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EPA comes down on mini-bulks

Although reusable mini-bulk pesticide containers save farmers and distributors money in the long run, the industry may spend $5 million recycling and $20 million replacing obsolete containers, according to Martin Fitzpatrick with BASF Crop Protection.

Beginning Aug. 16, a new EPA rule will go into effect that will change the legal use and repackaging of many plastic pesticide mini-bulk containers.  The Pesticide Container and Containment Rule was adopted after the popularity of reusable containers suddenly peaked, and more than 10 percent, some 50,000 tanks, began to stockpile in barns and behind warehouses.

Mini-bulks have an expected lifespan of five to seven years, but then create an exposure risk as the HDPE plastic begins to deteriorate and leakage risks increase.

Now, regional and statewide recycling programs are taking action to safely remove unwanted and non-compliant mini-bulk containers.  One such initiative developed by Iowa State University Extension and partners (see below), makes house calls to shred 85-350 gallon stand-alone or caged pesticide mini-bulk tanks. The cost to dealers and growers is a $15 recycling fee per container.

“The goal is to prevent spillage and minimize hazards for workers, and to eliminate any contamination from waste,” said Ken Root, Recycling Coordinator for Agri-business Association of Iowa.

TRI-Rinse, Inc., a multi-state agriculture container/service company, will recycle unwanted containers on site with a mobile chipping platform, shredding containers into 1,500-pound bags.  The shredded plastic will then be transported to a recycling location, or be used in non-consumer products, such as speed bumps and agricultural drain pipes.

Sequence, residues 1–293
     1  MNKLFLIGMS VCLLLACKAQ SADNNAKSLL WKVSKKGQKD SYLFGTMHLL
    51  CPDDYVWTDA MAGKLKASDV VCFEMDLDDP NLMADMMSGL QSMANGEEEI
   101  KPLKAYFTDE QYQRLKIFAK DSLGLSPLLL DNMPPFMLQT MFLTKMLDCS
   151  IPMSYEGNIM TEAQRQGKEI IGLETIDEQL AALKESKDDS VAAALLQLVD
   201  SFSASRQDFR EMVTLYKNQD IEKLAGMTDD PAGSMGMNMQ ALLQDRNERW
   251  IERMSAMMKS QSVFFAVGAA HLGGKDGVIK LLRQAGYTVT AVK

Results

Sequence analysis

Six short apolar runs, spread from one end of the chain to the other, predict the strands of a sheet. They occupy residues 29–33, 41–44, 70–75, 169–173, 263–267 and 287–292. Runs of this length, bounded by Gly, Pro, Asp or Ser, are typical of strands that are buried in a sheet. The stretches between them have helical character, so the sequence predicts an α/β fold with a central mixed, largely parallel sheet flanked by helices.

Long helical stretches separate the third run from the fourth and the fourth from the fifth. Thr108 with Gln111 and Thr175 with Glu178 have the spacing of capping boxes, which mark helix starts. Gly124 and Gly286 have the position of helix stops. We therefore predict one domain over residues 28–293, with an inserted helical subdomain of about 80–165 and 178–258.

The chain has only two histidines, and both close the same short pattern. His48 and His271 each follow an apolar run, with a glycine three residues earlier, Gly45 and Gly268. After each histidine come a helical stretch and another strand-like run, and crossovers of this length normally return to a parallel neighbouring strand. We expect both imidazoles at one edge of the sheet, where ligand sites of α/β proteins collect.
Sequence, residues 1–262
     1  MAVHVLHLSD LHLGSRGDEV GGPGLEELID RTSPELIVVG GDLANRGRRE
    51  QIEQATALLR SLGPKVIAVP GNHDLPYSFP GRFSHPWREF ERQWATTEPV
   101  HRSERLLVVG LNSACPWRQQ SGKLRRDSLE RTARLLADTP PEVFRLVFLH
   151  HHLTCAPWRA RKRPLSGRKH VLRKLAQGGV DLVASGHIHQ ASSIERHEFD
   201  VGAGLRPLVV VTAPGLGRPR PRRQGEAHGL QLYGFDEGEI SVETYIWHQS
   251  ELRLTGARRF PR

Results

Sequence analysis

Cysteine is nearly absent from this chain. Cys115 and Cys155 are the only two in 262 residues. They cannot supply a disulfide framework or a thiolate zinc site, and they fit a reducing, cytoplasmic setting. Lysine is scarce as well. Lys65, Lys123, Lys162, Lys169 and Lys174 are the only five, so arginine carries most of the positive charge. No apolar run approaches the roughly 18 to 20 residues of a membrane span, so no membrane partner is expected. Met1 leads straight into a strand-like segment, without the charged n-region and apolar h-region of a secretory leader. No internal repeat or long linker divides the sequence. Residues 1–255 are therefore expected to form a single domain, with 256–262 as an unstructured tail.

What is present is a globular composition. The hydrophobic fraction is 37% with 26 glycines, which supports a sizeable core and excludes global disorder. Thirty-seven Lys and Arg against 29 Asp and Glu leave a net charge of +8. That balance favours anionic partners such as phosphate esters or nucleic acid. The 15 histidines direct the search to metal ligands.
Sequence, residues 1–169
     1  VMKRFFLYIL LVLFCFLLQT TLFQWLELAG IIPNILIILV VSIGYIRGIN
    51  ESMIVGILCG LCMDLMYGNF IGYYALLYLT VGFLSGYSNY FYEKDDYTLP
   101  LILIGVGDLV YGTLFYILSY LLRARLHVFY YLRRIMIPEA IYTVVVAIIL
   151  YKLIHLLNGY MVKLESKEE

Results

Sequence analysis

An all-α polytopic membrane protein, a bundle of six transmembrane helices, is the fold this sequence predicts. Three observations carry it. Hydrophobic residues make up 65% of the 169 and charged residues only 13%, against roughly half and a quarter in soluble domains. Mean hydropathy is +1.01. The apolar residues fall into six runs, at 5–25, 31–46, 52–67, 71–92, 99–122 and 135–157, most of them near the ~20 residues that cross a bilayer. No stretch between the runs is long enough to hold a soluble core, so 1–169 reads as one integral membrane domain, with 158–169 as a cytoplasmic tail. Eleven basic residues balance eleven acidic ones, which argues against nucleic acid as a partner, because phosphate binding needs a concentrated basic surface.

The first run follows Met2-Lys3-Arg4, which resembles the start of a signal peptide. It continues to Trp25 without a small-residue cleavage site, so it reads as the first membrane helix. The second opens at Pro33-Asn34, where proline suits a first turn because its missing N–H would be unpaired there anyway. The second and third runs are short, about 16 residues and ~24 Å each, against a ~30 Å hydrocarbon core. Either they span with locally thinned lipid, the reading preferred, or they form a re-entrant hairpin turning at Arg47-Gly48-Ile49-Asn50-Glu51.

The responsibility to recycle non-compliant containers ultimately lies with the registrant of the pesticide product sold in the mini-bulk.  Refillers have similar responsibilities, such as inspecting, cleaning, labeling, and using a container on the registrant’s description of acceptable containers, according to the EPA.

Not complying may be costly.  Root says that the EPA will issue a several thousand-dollar fine to unlawful mini-bulk containers that are refilled, used or distributed after the August deadline.  It is not illegal, however, to have a mini-bulk container in storage.

Since 1990, Iowa has recycled more than five million pounds of plastic from pesticide containers.  In 2000, a pilot program collected 2,000 unwanted containers, and again last fall, 1,500 were turned in.

Nationally, 2010 recycling efforts, lead by the Ag Container Recycling Council (ACRC), yielded the highest collection of pesticide containers on record.  According to their website, ACRC collects over eight million pounds of HDPE plastic from pesticide containers each year.

However, Root estimates 10,000 containers still left in Iowa alone.  “Recycling is the best alternative for disposal, but it requires cleaning and recycling for approved uses,” Root said.

Make sure your tank is up to code:

  • Container should be up to DOT container design, construction and marking standards (Packing group III)
  • Durably marked with a serial number
  • It should have a one-way valve or tamper-evident device
  • Large tanks need a vent, gauge and shutoff valve compliant with standards
  • Refillable tanks should be on the registrant’s list of acceptable containers

For more information on updated standards for stationary tanks (capacity of 500 gallons or more), regulations for labeling a tank for distribution, repackaging requirements, and properly cleaning a tank for recycling, and to obtain the complete rule, visit EPA’s Container and Containment web page.

Questions regarding the ISU Extension program can be directed to Mark Lohafer, IDALS, at 515-281-8506.

Iowa Recycling Agencies: ISU Pest Management and the Environment Program, Iowa Department of Agriculture and Land Stewardship, the Agribusiness Association of Iowa and Iowa Institute for Cooperatives with contractor TRI-Rinse, Inc.

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